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Safe shipping in the Salish Sea: a trans-boundary discussion of an oil spill on International Water Day

Photo courtesy of Wikimedia Commons

On March 22, 35 participants from First Nations tribes, U.S. tribes, Canadian and American NGOs came together to discuss current and proposed vessel traffic that would ship tar sands and coal through the Salish Sea, and the associated increased risk of an oil spill.

The purpose of this gathering was to build a coalition of Canadian and U.S. partners for the protection of the Salish Sea. Attendees learned about the issues from a trans-boundary perspective, discussed ways to collaborate, and signed the International Treaty to Protect the Sacred.

“What I got out of today was really connecting with so many people from the American side of the border who are as concerned about all the changes that are happening and projects that are being proposed, whether it’s coal or oil. I really got a sense that we are very much on the same page and that we’ll have the opportunity to work together,” said Christianne Wilhelmson, Executive Director with the Georgia Strait Alliance, “We firmly believe that these projects can’t happen in order to build a healthy future. Having American partners on this will only strengthen our ability to protect our coast.”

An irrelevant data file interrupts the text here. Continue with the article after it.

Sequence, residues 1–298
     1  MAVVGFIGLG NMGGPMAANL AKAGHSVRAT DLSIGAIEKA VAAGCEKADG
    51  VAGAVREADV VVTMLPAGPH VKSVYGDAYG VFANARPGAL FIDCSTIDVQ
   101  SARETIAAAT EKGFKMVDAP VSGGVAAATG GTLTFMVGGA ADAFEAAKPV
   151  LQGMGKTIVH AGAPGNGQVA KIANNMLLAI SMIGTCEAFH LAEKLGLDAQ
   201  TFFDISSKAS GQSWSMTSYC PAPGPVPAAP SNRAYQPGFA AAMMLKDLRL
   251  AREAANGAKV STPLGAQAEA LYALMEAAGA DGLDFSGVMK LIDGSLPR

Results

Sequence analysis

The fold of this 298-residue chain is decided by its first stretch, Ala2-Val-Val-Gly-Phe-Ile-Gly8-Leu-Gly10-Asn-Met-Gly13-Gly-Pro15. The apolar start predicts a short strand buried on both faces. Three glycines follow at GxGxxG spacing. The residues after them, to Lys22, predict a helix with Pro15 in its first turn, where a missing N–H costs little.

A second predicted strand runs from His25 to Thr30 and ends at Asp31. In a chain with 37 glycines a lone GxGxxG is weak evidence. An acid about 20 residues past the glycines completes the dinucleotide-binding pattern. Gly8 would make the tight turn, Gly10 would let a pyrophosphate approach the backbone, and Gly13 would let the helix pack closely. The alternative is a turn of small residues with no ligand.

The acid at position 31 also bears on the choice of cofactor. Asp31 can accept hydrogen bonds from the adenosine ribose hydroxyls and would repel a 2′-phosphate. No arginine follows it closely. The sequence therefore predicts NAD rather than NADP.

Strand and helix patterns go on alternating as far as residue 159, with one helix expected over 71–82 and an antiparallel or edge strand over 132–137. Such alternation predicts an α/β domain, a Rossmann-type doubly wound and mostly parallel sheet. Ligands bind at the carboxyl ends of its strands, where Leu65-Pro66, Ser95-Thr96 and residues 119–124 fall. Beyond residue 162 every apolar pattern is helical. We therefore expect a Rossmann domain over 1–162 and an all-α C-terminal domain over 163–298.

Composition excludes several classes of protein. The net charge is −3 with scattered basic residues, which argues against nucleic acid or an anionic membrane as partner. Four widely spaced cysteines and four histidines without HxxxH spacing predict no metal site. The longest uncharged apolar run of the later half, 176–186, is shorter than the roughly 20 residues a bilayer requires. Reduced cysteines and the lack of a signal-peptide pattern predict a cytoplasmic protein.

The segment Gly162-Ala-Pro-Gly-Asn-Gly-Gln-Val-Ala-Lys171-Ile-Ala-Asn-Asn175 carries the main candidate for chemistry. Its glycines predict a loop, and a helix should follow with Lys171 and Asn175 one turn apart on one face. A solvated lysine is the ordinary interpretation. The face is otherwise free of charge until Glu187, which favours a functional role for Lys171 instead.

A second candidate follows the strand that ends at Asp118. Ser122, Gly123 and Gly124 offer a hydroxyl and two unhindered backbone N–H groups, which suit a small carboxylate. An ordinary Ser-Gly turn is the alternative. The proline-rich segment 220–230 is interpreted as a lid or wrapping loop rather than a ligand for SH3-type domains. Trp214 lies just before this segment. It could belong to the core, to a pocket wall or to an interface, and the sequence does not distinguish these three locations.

“I live on Shaw Island in the middle of the Salish Sea. All of these vessels whether they are carrying coal or tar sands or oatmeal or computer parts or all going to be passing through San Juan County, impacting a community that’s completely dependent on clean water, wildlife and healthy shorelines. Today was an affirmation that we stand together for the values that all nations hold dear,” said Stephanie Buffum, FRIENDS of the San Juans’ Executive Director.

“It was very informative for me to understand where the debate is progressing and how we, as a First Nations, can be a part of that conversation,” said Chief Ian Campbell of the Skwxwu7mesh (Squamish) Nation, “These types of strategy sessions and think tanks are really important for us to recognize that we’re not alone, we’re not in isolation, and that there are a lot of synergies we can draw upon and pool these resources to really be effective.”

A multi-nation coalition called the Safe Shipping Alliance of the Salish Sea is being formed with a mission to protect the environmental and economic integrity of the Salish Sea and all that depend on it from adverse maritime impacts. Next steps for this group include working together to assure all significant projects receive full environmental review, informing the public of major changes in maritime trade impacting the Salish Sea, engaging the public in commenting opportunities and other action items, providing cross-border political support for increased shipping safety and monitoring and responding to emerging issues and arguments.

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